I feel like I learn the most about myself when I am alone.
I haven’t always felt this way; in fact I used to spend a lot of time hiding behind people and activities just so I wouldn’t have to be by myself. But getting older, I started to realize how much I enjoyed being alone. In not so many words, solitude became my solace from the world and I learned to embrace it. Those moments alone are where I began to learn the most about myself. Based on a multitude of experiences coming of age, I’ve started to realize how terrified most people are of being alone. And, honestly I don’t blame them, although it is not as scary as some think. I have definitely been there: latching on to people out of fear of having to confront my own boredom and insecurities. Not to say that’s the case for everyone, but typically people are afraid to face some form of themselves, good or bad, so we tend to use others as a distraction from that.
I knew what my issues were with myself, but who wants to spend time confronting that when there are people who can make you feel better about yourself without having to deal with the pains of growing?
I’ll admit it can be an extremely arduous task and I definitely understand why dealing with people who uplift you easily would be easier than confronting our own thoughts and feelings about ourselves.
College was my first lesson in solitude.I will never forget my first year, making friends and, ultimately, having to make the decision to be alone. Freshman year you meet so many people who you think you are going to stay friends with the entire time, but that’s usually pretty rare (depending on the people involved). I’ll never forget calling my dad, complaining about how the people I called ‘friends’ at the start of the fall quarter had suddenly turned their backs on me later on. Upon expressing how hurt I was and not knowing what to do, without a second thought he told me, ‘Well, be alone’. I sat on the line in confusion, further expressing my displeasure and discomfort with the idea, which he only continued to reply with, ‘Girl, be by yo self.’ My fear only stemmed from the fact that at that time I didn’t know how to do that, and had a large fear of missing out on typical college memories. Later on, it became some of the best advice I have gotten to date.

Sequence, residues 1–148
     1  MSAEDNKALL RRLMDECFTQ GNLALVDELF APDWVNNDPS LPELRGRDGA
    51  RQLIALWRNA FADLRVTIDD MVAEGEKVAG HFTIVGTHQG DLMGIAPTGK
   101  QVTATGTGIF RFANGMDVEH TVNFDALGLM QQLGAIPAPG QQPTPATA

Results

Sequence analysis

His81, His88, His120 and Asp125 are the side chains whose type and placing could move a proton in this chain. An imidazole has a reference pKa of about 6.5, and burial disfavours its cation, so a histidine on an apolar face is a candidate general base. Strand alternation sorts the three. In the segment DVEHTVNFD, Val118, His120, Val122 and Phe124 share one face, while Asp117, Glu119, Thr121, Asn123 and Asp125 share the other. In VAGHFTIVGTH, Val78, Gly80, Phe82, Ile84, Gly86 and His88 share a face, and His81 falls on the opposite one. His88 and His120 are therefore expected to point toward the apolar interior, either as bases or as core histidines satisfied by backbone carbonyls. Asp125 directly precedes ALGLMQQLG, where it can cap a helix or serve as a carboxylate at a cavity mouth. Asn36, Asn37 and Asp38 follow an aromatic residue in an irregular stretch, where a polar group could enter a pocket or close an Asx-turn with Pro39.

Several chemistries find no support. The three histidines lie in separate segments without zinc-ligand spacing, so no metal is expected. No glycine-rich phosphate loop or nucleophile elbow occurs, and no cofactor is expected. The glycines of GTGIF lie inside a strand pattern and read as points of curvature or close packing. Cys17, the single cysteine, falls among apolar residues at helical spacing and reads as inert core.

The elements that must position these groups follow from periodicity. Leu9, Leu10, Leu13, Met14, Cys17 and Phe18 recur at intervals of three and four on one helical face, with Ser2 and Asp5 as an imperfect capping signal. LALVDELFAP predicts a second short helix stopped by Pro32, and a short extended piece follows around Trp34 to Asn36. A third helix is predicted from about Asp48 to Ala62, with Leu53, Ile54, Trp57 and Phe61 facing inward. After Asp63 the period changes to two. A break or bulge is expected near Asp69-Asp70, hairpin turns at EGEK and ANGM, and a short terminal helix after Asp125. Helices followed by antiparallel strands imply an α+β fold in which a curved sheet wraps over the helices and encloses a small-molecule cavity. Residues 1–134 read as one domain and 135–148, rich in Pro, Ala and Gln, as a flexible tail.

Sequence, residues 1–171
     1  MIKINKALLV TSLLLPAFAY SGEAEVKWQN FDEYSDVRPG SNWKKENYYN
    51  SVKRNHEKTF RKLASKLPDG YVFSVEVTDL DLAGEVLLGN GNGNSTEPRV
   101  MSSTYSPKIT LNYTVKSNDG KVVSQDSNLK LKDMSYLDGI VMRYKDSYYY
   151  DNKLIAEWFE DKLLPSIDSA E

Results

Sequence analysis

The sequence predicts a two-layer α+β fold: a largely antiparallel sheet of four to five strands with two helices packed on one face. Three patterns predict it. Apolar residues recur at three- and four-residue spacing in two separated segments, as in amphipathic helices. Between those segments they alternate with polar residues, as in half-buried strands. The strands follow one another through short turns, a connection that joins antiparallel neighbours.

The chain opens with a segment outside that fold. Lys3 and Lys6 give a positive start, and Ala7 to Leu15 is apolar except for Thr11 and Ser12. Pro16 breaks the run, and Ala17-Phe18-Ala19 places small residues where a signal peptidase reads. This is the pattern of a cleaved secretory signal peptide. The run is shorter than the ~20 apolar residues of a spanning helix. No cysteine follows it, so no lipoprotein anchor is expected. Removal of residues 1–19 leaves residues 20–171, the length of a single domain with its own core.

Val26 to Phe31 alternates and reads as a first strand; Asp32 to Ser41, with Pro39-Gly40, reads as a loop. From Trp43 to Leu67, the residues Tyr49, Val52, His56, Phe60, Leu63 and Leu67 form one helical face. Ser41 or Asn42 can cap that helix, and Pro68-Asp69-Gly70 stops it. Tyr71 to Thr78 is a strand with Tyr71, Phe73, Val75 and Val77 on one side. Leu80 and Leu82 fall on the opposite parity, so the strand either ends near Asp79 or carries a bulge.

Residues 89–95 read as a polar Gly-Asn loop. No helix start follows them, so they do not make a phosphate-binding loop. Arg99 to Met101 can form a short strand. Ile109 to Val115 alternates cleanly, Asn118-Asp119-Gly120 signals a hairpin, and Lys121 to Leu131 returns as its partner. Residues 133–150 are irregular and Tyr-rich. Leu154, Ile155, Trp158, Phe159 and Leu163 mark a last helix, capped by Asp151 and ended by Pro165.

These days, I am at my best when I have spent some time alone.
My dad’s advice has taken me such a long way in my adulthood and even allowed me to develop much better relationships with people. Most days, you can find me reading on my couch, listening to my record player with all the blinds closed, hiding and recharging from the world. My solitude gives me a peace of mind that no one else can give and constantly reinforces my overall sense of self. If there’s any time to do it, your late teens and 20s are the best time to learn yourself. I tend to do a lot of things on my own. Through solitude I discover new places, new movies, new hobbies, new interests, and new facts about myself, and I wouldn’t have it any other way. Contrary to popular belief, moments of solitude are when we learn the most about ourselves, and while people can be amazing, they can also be very distracting.
Do not allow loneliness to scare you--learn to embrace it.
It literally teaches you things you would never know in the company of others. Use your solitude to strengthen your self-awareness, needs and wants.
The moment I stopped letting it terrify me, it became my greatest asset and I learned more than I could ever imagine and, even better, people started to enter my life following suit. This goes for romantic relationships, friendships, familial relationships, and more. My freshman year following my first run-in with solitude, some of the most amazing people walked into my life unexpectedly and I built some of the best friendships I have to date. The moment I gave up using people as a crutch to counteract my own fears and anxieties regarding loneliness, I evolved into a better version of myself.
So go to the movies, download some music, go for a run, do your favorite activity, or cook yourself a nice meal. Whatever it may be, do something nice for yourself. Take some alone time, whether it be 10 minutes, 1 hour, 3 days, or an entire week, spend some time with you. As I always say no one knows you better than you do and the only way to know those things is to embrace your solitude…
When's the last time you practiced solitude?
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